The author of this book describes it as a “revised version of my thesis submitted … for the award of the PhD degree”. He says that its object is to “present a concise exposition of the later Wittgenstein’s philosophy of mind” as opposed to an “exhaustive account” of same. The book has a good index but no general bibliography. Owing to the difficulty of understanding Wittgenstein’s books, it is a good thing to have available short, clear expositions of his thought. (...)
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  7. Toward an Anatomy of Human Nature.Charles Echelbarger - 1987 - Behaviorism 15 (2):175-178.
  8.  24
    Sheffler on Believing-True.Charles Echelbarger - 1983 - Philosophy Research Archives 9:495-509.
    The author examines Scheffler’s extensional alternative to the usual notion of belief and shows that it is necessarily inadequate to serve the purpose for which it was designed. This point is established by showing that Scheffler’s proposed substitute for psychologically intensional verbs like ‘believes’ can not deliver philosophers from the classical puzzles over propositional attitudes and can not be used in all cases even to provide materially equivalent extensional substitutes for ordinary belief-statements.
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  9.  5
    Sheffler on Believing-True.Charles Echelbarger - 1983 - Philosophy Research Archives 9:495-509.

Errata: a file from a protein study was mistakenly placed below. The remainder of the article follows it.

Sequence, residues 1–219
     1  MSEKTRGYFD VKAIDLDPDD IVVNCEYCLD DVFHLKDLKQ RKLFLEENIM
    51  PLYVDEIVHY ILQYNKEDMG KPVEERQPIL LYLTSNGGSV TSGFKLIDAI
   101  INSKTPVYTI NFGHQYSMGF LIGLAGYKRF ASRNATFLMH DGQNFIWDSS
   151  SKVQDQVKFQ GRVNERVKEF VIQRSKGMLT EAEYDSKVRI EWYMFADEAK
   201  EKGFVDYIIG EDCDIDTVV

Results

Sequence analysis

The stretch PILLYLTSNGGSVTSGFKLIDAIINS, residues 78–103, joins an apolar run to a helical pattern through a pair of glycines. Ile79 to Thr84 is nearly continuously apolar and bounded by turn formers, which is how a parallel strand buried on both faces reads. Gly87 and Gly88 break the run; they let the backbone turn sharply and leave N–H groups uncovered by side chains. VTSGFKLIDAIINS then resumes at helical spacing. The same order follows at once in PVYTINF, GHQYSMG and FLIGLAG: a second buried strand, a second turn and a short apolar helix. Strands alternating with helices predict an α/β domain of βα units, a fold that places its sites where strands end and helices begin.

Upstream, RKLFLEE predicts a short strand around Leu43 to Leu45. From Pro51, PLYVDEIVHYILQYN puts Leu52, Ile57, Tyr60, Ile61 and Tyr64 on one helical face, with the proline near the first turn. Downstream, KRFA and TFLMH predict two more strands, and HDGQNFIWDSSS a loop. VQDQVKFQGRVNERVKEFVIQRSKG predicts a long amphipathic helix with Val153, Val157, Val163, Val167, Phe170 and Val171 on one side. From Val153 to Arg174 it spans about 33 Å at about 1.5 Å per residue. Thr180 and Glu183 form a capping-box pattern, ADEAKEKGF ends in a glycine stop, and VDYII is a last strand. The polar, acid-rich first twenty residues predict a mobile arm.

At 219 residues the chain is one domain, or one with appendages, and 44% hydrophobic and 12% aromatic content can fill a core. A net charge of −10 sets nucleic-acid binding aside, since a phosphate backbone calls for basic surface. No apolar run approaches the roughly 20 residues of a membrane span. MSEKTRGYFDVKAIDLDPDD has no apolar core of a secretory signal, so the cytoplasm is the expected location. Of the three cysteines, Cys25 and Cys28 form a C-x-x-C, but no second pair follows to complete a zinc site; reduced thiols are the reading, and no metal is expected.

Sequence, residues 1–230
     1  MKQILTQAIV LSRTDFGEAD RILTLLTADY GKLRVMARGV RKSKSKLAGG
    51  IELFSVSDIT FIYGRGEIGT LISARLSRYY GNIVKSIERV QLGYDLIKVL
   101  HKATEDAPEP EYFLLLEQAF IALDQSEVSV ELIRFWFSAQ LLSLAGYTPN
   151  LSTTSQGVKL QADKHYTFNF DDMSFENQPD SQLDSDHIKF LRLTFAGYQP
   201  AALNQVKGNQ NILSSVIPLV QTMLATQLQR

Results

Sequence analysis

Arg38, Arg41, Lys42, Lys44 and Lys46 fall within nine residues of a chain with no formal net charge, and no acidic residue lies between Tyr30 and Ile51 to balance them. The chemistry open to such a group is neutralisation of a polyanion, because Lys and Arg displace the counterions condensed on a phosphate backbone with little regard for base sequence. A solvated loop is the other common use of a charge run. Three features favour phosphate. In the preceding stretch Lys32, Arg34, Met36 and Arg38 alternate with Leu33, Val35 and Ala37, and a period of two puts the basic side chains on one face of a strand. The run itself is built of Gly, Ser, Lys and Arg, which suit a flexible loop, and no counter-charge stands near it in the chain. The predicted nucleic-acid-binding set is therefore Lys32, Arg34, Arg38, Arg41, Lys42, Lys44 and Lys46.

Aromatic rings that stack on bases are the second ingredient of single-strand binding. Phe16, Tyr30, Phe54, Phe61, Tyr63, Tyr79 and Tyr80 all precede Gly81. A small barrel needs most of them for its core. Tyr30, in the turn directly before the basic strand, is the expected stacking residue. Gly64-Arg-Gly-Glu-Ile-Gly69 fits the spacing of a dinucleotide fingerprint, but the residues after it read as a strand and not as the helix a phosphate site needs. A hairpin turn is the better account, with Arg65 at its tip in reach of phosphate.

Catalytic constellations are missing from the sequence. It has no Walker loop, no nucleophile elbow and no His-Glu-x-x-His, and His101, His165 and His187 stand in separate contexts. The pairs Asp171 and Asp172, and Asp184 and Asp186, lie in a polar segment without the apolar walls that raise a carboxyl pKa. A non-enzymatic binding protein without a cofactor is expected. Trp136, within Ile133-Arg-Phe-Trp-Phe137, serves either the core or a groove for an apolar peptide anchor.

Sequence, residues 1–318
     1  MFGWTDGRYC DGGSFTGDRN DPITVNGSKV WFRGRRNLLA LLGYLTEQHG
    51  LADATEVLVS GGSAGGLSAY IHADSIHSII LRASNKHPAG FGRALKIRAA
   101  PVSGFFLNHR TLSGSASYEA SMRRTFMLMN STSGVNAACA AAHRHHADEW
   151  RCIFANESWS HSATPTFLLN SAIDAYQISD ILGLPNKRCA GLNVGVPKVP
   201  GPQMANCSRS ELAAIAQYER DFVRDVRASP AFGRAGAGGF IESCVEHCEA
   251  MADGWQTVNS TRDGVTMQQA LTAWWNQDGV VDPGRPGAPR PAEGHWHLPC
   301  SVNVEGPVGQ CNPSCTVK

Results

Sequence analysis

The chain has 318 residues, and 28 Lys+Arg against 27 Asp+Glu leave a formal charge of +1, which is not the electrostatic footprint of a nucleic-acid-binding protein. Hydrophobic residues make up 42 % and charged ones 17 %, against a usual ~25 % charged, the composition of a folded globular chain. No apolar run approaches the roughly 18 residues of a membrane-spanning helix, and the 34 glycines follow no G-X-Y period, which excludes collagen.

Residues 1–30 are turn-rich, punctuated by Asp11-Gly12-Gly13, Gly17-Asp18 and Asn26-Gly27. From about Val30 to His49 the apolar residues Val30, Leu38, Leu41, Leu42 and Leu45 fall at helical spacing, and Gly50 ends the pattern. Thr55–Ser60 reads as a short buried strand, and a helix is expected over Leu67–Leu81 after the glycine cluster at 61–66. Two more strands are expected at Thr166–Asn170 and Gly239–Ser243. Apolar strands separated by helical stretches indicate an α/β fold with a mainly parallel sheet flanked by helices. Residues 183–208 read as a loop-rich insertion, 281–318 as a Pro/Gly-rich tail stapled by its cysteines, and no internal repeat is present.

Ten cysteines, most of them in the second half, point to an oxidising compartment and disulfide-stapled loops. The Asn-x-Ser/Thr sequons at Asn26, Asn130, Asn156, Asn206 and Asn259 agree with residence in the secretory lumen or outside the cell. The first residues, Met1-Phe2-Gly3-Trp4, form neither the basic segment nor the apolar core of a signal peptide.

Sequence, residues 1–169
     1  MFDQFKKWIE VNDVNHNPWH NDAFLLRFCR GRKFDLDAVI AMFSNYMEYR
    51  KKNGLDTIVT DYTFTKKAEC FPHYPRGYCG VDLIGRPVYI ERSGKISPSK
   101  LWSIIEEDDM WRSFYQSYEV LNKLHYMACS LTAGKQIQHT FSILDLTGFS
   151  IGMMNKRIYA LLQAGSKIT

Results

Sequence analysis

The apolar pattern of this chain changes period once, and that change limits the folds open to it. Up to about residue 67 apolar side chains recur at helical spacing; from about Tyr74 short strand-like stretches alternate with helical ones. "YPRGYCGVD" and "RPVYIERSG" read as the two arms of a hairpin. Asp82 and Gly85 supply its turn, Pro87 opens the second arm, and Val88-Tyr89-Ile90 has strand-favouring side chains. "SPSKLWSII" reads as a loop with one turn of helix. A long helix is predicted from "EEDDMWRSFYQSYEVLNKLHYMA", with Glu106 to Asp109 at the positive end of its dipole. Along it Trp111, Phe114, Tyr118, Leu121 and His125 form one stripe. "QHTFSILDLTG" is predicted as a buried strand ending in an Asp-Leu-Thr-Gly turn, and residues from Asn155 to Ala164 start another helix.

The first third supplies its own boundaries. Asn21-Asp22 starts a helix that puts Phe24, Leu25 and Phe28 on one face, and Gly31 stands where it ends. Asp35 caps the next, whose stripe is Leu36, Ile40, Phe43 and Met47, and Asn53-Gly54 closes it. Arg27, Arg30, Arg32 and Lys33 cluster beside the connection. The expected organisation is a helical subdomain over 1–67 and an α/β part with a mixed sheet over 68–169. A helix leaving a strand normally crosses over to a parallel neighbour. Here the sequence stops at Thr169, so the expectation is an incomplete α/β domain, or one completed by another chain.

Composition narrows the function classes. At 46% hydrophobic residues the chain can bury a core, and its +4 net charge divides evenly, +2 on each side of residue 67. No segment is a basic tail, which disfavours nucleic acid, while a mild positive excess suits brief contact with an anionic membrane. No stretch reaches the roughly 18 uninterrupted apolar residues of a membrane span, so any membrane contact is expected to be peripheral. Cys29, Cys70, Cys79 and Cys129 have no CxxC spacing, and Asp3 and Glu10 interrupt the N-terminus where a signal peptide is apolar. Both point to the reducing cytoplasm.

The author examines Scheffler’s extensional alternative to the usual notion of belief and shows that it is necessarily inadequate to serve the purpose for which it was designed. This point is established by showing that Scheffler’s proposed substitute for psychologically intensional verbs like ‘believes’ can not deliver philosophers from the classical puzzles over propositional attitudes and can not be used in all cases even to provide materially equivalent extensional substitutes for ordinary belief-statements.
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  10.  8
    Dewey and Russell: An Exchange.Charles Echelbarger - 1987 - Idealistic Studies 17 (3):279-280.
    The casual browser of books might at first take this selection from Dewey’s and Russell’s works to be a collection of letters exchanged between the two men. In fact, it consists of short pieces of writing by each philosopher. The principle of selection used by Mr. Meyer is to find parts of their works in which each philosopher criticized the other’s ideas on such topics as logic, democracy, and religion. The sources from which these selections are made are quite well (...)